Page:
Ancestral temples and an old library.
Ancestral temples and an old library.
The preserved village of Heshun (和顺 Pinyin: Héshùn) is a popular tourist destination and also mass tourism has taken over there is still a lot of atmosphere, this especially ones the tour busses have gone in the afternoon and before they arrive in the morning. It is therefore recommended to stay overnight in the village.
Heshun prospered from trade with Burma and from the many overseas descendents that have still family in the little village. Money sent by them for instance made it possible to build a public library and several ancestral temples and family mansions.
Heshun has a museum dedicated to the Chinese communist philosopher Aisiqi.
The most prominent spots along the river have been taken over by newly constructed old buildings selling the usual tourist stuff and jade, the specialty of the area. Ones passed this one can turn left around the big reservoir to the ancestral temples and the Aisiqi museum, or turn right to the old library and the 'Yunnan-Burma anti Japanese war' museum. Going straight brings one in the old village with its narrow cobbled alleyways. Cars and busses stay in the parking lot just in front of the village. Inside the village most motorised transport is by motorbike also some locals use a car, most however just walk. The village has an area entry of 80 RMB/person.
Heshun has several ancestral temples. The majority of ancestral temples in China were destroyed or damaged during the Cultural Revolution but the ancestral temples of Heshun have fared better. The remoteness of Heshun might have protected them.
There are three large ancestral temples that have been built with money sent back by Heshun villagers that sought and found their fortunes elsewhere. This resulted in larger than usual and rather elaborate constructions.
Also some of these buildings have been used for other purposes like tea house. They are now, or already have been, restored to their former glory.
All three of them are build into the hillside next to the village and are overlooking the reservoirs that provide water to the fields below the village.
The three ancestral temples are:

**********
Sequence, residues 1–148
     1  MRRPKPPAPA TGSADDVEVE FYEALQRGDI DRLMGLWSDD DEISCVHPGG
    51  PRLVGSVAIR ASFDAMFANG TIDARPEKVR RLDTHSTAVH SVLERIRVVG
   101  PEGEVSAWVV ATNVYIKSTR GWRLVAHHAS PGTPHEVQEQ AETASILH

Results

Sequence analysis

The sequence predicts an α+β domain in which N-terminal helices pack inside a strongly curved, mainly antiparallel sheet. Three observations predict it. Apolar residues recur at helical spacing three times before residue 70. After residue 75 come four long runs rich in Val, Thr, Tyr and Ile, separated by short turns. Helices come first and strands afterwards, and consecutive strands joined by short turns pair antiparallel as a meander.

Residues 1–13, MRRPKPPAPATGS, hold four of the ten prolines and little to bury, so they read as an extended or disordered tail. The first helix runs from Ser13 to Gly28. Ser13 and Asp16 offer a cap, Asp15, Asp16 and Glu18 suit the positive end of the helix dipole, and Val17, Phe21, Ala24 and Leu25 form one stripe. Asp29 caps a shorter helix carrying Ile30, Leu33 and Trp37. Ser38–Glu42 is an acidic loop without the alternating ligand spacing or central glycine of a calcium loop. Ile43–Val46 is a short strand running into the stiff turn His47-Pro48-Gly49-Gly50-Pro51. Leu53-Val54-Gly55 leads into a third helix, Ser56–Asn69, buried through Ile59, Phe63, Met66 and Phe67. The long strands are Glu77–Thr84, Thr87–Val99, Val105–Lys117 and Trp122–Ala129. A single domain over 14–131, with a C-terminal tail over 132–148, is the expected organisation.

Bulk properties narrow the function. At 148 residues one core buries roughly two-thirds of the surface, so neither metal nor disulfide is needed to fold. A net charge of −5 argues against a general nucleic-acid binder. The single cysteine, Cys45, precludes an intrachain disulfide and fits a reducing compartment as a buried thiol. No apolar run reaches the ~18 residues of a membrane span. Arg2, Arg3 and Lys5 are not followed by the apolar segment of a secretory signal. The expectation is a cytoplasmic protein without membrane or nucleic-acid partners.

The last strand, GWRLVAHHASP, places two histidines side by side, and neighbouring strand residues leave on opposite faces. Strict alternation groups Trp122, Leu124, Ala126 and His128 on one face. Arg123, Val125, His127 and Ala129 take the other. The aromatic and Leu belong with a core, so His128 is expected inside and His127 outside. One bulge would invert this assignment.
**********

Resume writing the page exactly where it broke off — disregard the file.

Qian Qiu Wan Ci ancestral temple ("Memorising the ancestors for thousand years" temple).
Yuan Long Ge ancestral temple ("Original Dragon" Temple).
Dao De Kai Ji ancestral temple ("Morals are the base of the family" temple)
All temples are Daoism based with Buddhist influences. This mix is quite normal in Yunnan.
A proper library is a remarkable feature in any rural village and the Heshun Library (和顺图书馆, Pinyin: Héshùn tú shū guǎn) is such a remarkable feature.
Completed in 1928 and containing about 60,000 volumes it aided the spiritual development of the people of Heshun in this isolated and rural part of Yunnan.
The library was largely paid for by overseas members of the Heshun clans and it contains rare copies of Chinese books of the time.
The building was very modern at the time with its large windows to let light in.
In 2012 the library, suffering from woodworm, underwent an extensive renovation.
Àisīqí (艾思奇) is the penname of Li Sheng-Hsuen (李生萱), 1910–1966), Yunnan Mongol Chinese philosopher and author.
Aisiqi was born in Yunnan, later he moved to Hong Kong, where he studied English and French at a Protestant school and was exposed to Sun Yat-sen's "Three Principles of the People" and Marxism.
He read a great deal of Marxism, including the "Communist Manifesto" . This reading is the root of Aisiqi's most important works Historical Materialism and Dialectical Materialism (歷史唯物主義與辯証唯物主義) and Philosophy for the Masses (大眾哲學)(1948).
A small museum dedicated to the life and work of Aisiqi is located in the house in Heshun where he lived for two years.
The museum contains personal effects and pictures of Aisiqi and his wife. Especially impressive are the very long but very detailed pictures of communist party conferences that Aisiqi attended. The outside yard has a statue of Aisiqi.
The Wanlouzi (弯楼子) or Wan Family House is now the "Heshun Residence Museum". It still has the original kitchen in one of the courtyards.
The house was confiscated during the revolution and later ransacked by the Red Guards but still is a nice example of an upper-class residence.
During the day there is plenty of Chinese snack food available for the visitors that come for the day to Heshun.
There are not many real restaurants in Heshun but plenty of places to get something to eat. Food mainly means local rural dishes of fresh vegetables and pork. The mild climate of the area guarantees a steady supply of fresh vegetables year round.
Some guesthouses offer food as well.
Breakfast means noodle soup, steamed buns or Chinese congee.
There are several guesthouses in Heshun. Most are very small with only a few rooms. Most guesthouses are full of atmosphere and the fact that Heshun is largely car free keeps out the hordes of tourists. This means as well that one has to carry ones stuff up to the guest house.
Most guesthouses are newly build traditional houses with high level of facilities.
Location: 25°00'50" N. 98°27'27" E.
Altitude: 1580 meters / 5183 feet.
For an article on Heshun on the GoKunming website click here .
Tengchong Laofangzi or "Old houses in Tengchong" is an overview of old houses in the Tengchong area including Heshun.
It describes the Library, the Ancestral Temples, Aisiqi's house and the Wanlouzi.
The book has many pictures of the excellent wood carving work found in these old buildings.
One of our favourite little museums, the "Yunnan-Burma anti Japanese war" museum that was located in Heshun was closed in 2014. The collection has been moved to the new National Museum in nearby Tengchong.
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